In view of all this Jimmy Reed was remarkably successful and despite all the criticism the public really went for his music. Reed scored a remarkable 18 Top Twenty R&B hits on Vee-Jay between 1955 and 1961. The highest-charting of these was his classic “Bright Lights, Big City,” which rose to #3 in September 1961. Few of the Blues greats got close to such success. The truth is the people loved his music

Reed’s decline through alcoholism and epilepsy loosely paralleled the decline of Vee-Jay Records.  They went out of business at around the same time that his final single “Don’t Think I’m Through” was released, His manager, Al Smith, arranged a contract with the new ABC-Bluesway label. A handful of albums were released into the ’70s, but they lacked the old magic. Jimmy last album was a misguided effort to modernize utilizing funk beats and wah-wah pedals. He then became a recluse in his latter years. He died trying to make a comeback on the blues festival circuit on August 29, 1976 having finally received proper medical attention for his epilepsy and he had stopped drinking, but it came to late.

Reed’s crossover appeal hit a peak in the rhythm & blues revival during the  Sixties, he got to play major venues such as Carnegie Hall and the Apollo Theatre. He also toured the UK, where he was revered by many who had covered his songs – musicians such as the Rolling Stones, Them (Van Morrison) and numerous others.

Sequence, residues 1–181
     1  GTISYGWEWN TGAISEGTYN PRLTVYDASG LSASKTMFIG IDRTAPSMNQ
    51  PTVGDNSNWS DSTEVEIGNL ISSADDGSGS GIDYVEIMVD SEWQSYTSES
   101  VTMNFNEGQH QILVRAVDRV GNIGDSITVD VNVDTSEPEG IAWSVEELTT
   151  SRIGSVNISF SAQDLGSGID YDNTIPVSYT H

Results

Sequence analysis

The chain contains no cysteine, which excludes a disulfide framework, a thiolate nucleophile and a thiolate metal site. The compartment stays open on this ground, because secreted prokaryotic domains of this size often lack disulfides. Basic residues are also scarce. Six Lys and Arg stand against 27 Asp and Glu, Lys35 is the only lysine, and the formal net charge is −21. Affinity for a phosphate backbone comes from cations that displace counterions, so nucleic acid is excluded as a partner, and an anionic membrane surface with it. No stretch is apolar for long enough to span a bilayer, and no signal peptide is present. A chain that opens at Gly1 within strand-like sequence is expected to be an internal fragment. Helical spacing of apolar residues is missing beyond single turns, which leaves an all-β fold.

Jimmy Reed’s story is tinged with sadness but it’s typical of the hard life endured by such musicians. This was particularly so in the days before the US Civil Rights Movement began to win the battle for liberation. Yet there is a lot of joy in Jimmy Reed’s music, that is apparent whenever you give one of his classic sides a listen, or try out one of his classics yourself. His bare bones style influenced everyone from the 60’s and 70’s British bands to the entire range of Louisiana swamp blues artists (Slim Harpo and Jimmy Anderson in particular), the truth is that there was only one Jimmy Reed and he certainly left his mark on music.–eMjFMNg Jimmy Vaughan & Omar Kent Dykes  – The Jimmy Reed Highway with a cover of ‘Big Boss Man’

The following list of Jimmy’s single hits and selected albums is courtesy of Wikipedia, 

Jimmy Reed Singles Hits

Year Single U.S. R&B Pop
1956 “Ain’t that Lovin’ You Baby?” 3 -
“Can’t Stand to See You Go” 10 -
“I Don’t Go for That” 12 -
“I Love You Baby” 13 -
1957 “Honest I Do” 4 32
“Honey, Where You Going?” 10 -
“Little Rain” 7 -
“The Sun is Shining” 12 65
1958 “Down in Virginia” - 93
1959 “I Told You Baby” 19 -
1960 Baby What You Want Me to Do 10 37
“Found Love” 16 88
“Hush-Hush” 18 75
1961 “Big Boss Man” 13 78
“Bright Lights Big City” 3 58
“Close Together” - 68
1962 “Aw Shucks, Hush Your Mouth” - 93
“Good Lover” - 77
1963 “Shame, Shame, Shame” - 52


Selected albums

Year Album
1958 I’m Jimmy Reed
1959 Rockin’ With Reed (Collectables)
1960 Found Love
Now Appearing
1961 Jimmy Reed at Carnegie Hall
1962 Just Jimmy Reed
1963 Jimmy Reed Plays 12 String Guitar Blues
Jimmy Reed Sings the Best of the Blues
T’Ain’t No Big Thing But He Is…Jimmy Reed
1964 Jimmy Reed at Soul City
1965 The Legend: The Man
1967 The New Jimmy Reed Album/Soulin’
1968 Big Boss Man/Down in Virginia
1971 Found Love
1974 Best of Jimmy Reed
1976 Blues Is My Business

Jimmy Vaughan Podcast

"We break all the rules - we don't care what they  think about how you're supposed to do things these days!"   Jimmy Vaughan podcast Listen to it here